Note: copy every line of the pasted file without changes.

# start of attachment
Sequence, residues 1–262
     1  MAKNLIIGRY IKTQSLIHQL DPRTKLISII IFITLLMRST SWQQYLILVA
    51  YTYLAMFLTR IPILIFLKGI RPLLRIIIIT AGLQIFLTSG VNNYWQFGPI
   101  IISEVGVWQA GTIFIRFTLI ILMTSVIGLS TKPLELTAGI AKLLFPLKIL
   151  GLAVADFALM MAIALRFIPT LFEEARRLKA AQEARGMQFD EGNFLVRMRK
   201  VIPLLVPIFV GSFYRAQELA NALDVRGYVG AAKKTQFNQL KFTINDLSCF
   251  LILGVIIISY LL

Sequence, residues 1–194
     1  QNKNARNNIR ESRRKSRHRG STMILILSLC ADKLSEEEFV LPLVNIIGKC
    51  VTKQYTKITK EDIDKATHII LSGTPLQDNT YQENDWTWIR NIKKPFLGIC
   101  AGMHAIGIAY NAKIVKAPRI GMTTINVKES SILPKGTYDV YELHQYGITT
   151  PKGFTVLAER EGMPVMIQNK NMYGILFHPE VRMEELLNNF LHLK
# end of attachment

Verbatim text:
Sequence, residues 1–262
     1  MAKNLIIGRY IKTQSLIHQL DPRTKLISII IFITLLMRST SWQQYLILVA
    51  YTYLAMFLTR IPILIFLKGI RPLLRIIIIT AGLQIFLTSG VNNYWQFGPI
   101  IISEVGVWQA GTIFIRFTLI ILMTSVIGLS TKPLELTAGI AKLLFPLKIL
   151  GLAVADFALM MAIALRFIPT LFEEARRLKA AQEARGMQFD EGNFLVRMRK
   201  VIPLLVPIFV GSFYRAQELA NALDVRGYVG AAKKTQFNQL KFTINDLSCF
   251  LILGVIIISY LL

Sequence, residues 1–194
     1  QNKNARNNIR ESRRKSRHRG STMILILSLC ADKLSEEEFV LPLVNIIGKC
    51  VTKQYTKITK EDIDKATHII LSGTPLQDNT YQENDWTWIR NIKKPFLGIC
   101  AGMHAIGIAY NAKIVKAPRI GMTTINVKES SILPKGTYDV YELHQYGITT
   151  PKGFTVLAER EGMPVMIQNK NMYGILFHPE VRMEELLNNF LHLK